Nonsense. There was absolutely tail risk as they banks lost HUGE sums of money. Tail risk was there for IndyMac, Countrywide, Bear Stearns, etc. And it is CERTAINLY there now, as I think every bank owner realizes that the current anti-bank/anti Wall St. sentiment would never allow another bailout.

You can't possibly believe yourself. There was ZERO tail risk since the Feds announcement in 2008/2009 to bail out the banks by whatever means possible, print money, buy up debt/MBS and leave the "emergency discount window" open for years. ZERO tail risk, hence the run-up in bank stocks and everything related. Now some tail risk has returned, but nobody believes yet that wall street has lost control over its puppets. Certainly not with the 3 stooges Boosh, Obummer and the Clinton-twins, and even Trump has to prove himself first. Pretty sure that even simply Mnuchin's nomination made the rates retreat a little again. But dislocations may happen all over 2017 which is likely going to be a volatile year, and when big money believes the Fed has lost or is losing control, then they will dump by whatever means necessary and rates may rise drastically.

261   missing   ignore (1)   2016 Dec 5, 11:15am   ↑ like (0)   ↓ dislike (0)   quote        

joeyjojojunior,

You have shown inability to think logically. I have a rule to not waste time arguing with people who write more than they think. Therefore, sayonara to you.

To those who understood my argument - the conditions in the 70's were different than now. Women were moving into the workforce then, which helped increase the household incomes (even if individual wages were not keeping with inflation). In addition, more workers were unionised, had better benefits, and education and healthcare were cheaper relative to incomes.

262   joeyjojojunior   ignore (1)   2016 Dec 5, 11:26am   ↑ like (0)   ↓ dislike (0)   quote        

"You have shown inability to think logically. I have a rule to not waste time arguing with people who write more than they think. Therefore, sayonara to you.

To those who understood my argument - the conditions in the 70's were different than now. Women were moving into the workforce then, which helped increase the household incomes (even if individual wages were not keeping with inflation). In addition, more workers were unionised, had better benefits, and education and healthcare were cheaper relative to incomes."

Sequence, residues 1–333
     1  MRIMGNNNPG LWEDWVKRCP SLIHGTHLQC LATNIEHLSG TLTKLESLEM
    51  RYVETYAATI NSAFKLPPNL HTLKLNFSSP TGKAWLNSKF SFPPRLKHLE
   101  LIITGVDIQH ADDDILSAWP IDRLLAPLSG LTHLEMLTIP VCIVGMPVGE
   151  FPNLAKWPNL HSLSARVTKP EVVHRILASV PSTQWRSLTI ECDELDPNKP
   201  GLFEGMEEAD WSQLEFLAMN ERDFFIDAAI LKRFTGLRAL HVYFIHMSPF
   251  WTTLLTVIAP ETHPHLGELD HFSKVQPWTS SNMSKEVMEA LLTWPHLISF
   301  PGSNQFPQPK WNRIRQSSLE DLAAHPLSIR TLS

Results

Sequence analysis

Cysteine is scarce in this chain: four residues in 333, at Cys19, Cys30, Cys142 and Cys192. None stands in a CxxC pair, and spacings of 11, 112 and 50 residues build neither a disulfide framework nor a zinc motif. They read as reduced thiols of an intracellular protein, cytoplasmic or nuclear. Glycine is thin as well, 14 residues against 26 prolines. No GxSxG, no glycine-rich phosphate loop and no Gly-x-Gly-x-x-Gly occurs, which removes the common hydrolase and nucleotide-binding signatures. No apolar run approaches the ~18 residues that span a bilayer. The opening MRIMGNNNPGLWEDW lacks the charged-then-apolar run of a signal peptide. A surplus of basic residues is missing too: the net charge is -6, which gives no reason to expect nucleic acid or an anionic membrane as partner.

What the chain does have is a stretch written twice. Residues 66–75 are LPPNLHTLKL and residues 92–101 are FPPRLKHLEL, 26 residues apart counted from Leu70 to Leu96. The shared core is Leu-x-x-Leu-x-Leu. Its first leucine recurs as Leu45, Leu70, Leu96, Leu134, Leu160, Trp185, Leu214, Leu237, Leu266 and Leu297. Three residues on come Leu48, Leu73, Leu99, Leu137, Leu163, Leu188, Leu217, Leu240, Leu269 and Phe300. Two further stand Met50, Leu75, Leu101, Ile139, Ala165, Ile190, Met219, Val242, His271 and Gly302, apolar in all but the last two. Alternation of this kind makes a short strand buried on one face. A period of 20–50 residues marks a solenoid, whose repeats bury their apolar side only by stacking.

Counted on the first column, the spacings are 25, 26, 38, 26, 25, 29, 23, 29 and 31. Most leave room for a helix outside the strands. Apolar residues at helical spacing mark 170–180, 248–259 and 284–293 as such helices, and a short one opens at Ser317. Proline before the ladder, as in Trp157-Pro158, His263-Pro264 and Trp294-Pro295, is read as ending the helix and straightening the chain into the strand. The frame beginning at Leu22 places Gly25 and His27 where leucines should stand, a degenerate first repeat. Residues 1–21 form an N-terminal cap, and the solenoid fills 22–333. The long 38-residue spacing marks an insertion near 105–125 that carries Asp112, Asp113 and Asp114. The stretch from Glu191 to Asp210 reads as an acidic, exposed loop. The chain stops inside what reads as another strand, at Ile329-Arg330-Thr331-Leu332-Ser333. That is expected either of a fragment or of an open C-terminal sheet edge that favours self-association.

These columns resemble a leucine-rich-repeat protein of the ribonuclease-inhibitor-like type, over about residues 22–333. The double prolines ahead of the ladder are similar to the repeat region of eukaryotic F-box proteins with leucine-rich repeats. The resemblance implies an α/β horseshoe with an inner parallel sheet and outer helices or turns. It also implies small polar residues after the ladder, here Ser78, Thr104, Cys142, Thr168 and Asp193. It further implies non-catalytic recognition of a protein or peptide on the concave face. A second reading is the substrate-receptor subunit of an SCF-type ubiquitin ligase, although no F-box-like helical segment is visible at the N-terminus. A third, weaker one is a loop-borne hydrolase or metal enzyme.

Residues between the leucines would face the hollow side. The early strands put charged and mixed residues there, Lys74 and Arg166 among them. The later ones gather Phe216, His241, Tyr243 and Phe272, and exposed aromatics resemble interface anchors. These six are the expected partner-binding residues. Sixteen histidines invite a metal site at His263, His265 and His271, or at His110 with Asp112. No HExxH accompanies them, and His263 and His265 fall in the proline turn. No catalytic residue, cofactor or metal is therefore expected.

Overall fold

OK sayonara. But I don't think I'm not logical--I think maybe my argument is not reaching you?

To those who have any inkling that FP might be correct. Of course things were different in the 70s--that's why interest rates went up! My point is that rates won't go up again until we have similar conditions again, eg, less inequality.

263   joeyjojojunior   ignore (1)   2016 Dec 5, 11:27am   ↑ like (0)   ↓ dislike (0)   quote        

"There was ZERO tail risk since the Feds announcement in 2008/2009 to bail out the banks by whatever means possible, print money, buy up debt/MBS and leave the "emergency discount window" open for years. ZERO tail risk, hence the run-up in bank stocks and everything related. Now some tail risk has returned, but nobody believes yet that wall street has lost control over its puppets. Certainly not with the 3 stooges Boosh, Obummer and the Clinton-twins, and even Trump has to prove himself first. Pretty sure that even simply Mnuchin's nomination made the rates retreat a little again. But dislocations may happen all over 2017 which is likely going to be a volatile year, and when big money believes the Fed has lost or is losing control, then they will dump by whatever means necessary and rates may rise drastically."

So, you believe that if there was another Wall St. caused bubble and bust, that the government would bail out the banks and Wall St. again?

264   mell   ignore (1)   2016 Dec 5, 11:35am   ↑ like (0)   ↓ dislike (0)   quote        

joeyjojojunior says

So, you believe that if there was another Wall St. caused bubble and bust, that the government would bail out the banks and Wall St. again?

Nobody knows, but the slow rise in rates points to somewhere in between. People are unsure where the economy will go and what the rate of Fed / government bailouts will be going forward. I think the rates are testing the waters right now. If we have a 2008 type dislocation again I would set the chances of another major bailout to at least 50%, Trump being president or not. So far the declining American empire has taken the easy way out each and every time, aiding the slow and constant decline instead of ripping the band-aid off and allowing for a truly organic recovery. I agree there was tail risk until the recession hit and the bailouts were enacted and there is more tail risk now, but it's still relatively low, Wall Street will not cede control that easily.

265   joeyjojojunior   ignore (1)   2016 Dec 5, 11:37am   ↑ like (0)   ↓ dislike (0)   quote        

"Nobody knows, but the slow rise in rates points to somewhere in between"

Fair enough-but I would argue the slow rise in rates is more due to the graph I posted earlier showing rising incomes.

266   missing   ignore (1)   2016 Dec 5, 12:51pm   ↑ like (0)   ↓ dislike (0)   quote        

Inflation can be caused by factors other than increased economic activity which leads to wage growth. The causality relation is wage growth => inflation. Not the other way around.